I didn’t begin to take school seriously until the 7th grade. Until then, I studied enough to keep my parents off my back. I could have completed the extra-credit assignment to raise my B+ to an A-, but I’d rather be playing Wiffle Ball with my friends.
By 7th grade I began to compare my grades to those of my friends. It helped that the local newspaper listed the names of those student who made the honor roll each quarter. So I moved the bar a little higher and did just enough to get my name in the paper. Within a quarter or two, I realized that, with a little studying, I could pull a 3.5 or 3.6. But going to a 3.9 or 4.0 was exponentially more difficult, and would mean less time to practice the Rubik’s Cube.
Seeing my name in the paper each quarter gave me confidence that was smart, and that carried over to the 8th grade. I consistently scored high marks in English and came to expect a high grade. It’s probably not a coincidence that some of my most memorable teachers taught English and the fact that I enjoyed learning about grammar, gerunds and even Shakespeare.
Feeling confident in my abilities, I began to ask questions. I wanted to understand why I was expected to structure my report in a specific manner or why a comma wasn’t appropriate in my writing. “Well, that’s just how it is.” was often the reply.
That didn’t sit well.
But I continued raising my hand and asking why. One afternoon, my 8th grade English teacher had had enough. After one of my questions she shot back, “I don’t know! Because those are the rules!”
She leaned over my desk as she shouted that non-answer, inches away from my face.
And that’s when I changed. Instead of sulking back into my chair, I shifted forward and said, “Why do I have to follow rules even you don’t understand?”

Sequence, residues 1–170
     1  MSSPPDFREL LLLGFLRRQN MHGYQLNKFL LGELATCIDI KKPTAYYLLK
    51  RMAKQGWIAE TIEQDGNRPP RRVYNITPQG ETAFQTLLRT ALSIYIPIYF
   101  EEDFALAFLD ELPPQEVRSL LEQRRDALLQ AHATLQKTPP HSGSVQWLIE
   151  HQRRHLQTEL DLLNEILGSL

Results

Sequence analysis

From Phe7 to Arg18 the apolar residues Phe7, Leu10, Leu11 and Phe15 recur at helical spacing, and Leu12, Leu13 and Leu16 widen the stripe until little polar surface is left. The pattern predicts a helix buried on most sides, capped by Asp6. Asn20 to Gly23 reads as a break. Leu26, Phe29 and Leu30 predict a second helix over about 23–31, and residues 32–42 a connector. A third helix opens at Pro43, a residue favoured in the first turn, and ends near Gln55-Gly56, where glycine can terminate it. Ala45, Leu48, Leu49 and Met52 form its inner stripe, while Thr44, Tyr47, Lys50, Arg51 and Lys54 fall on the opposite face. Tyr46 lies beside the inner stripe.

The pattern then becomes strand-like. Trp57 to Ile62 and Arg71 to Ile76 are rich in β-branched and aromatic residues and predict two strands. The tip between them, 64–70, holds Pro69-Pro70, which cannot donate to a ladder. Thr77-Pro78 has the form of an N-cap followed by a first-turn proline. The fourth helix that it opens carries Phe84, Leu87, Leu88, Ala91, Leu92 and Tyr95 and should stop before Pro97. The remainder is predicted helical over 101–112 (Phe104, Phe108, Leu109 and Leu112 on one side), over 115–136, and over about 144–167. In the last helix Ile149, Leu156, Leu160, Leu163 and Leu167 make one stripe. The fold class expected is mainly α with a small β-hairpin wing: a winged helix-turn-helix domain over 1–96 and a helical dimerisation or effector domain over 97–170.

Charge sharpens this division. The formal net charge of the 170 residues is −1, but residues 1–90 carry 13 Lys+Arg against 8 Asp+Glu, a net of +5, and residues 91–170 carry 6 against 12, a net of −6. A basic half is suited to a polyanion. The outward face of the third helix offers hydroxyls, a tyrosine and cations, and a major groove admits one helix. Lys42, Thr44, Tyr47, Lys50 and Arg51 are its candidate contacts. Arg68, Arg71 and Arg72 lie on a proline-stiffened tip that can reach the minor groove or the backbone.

My fellow students gasped in horror. I don’t recall what happened next, but when report cards came out a few weeks later, I had earned an A- for my work, but an “unsatisfactory” for citizenship.
When I told a friend about my big “U”, he laughed and shared that the only other student he knew with a similar citizenship mark had been caught hiding a bottle of Jack Daniels in his locker. Apparently I was in good company. If my parents were concerned with my lapse in judgment, they didn’t show it when I handed them my report card.
With my kids heading back to school this week, I thought back to this experience and wondered how I’d react now that I’m a parent. Like my parents, I want my children to respect each of their teachers. They deserve it. But I also don’t want them to simply be sponges in a seat. If a rule doesn’t make sense, I hope they ask for clarification. I’m OK if they push back a bit as long as it’s done with respect.
I still ask a lot of questions, but tend to keep most to myself.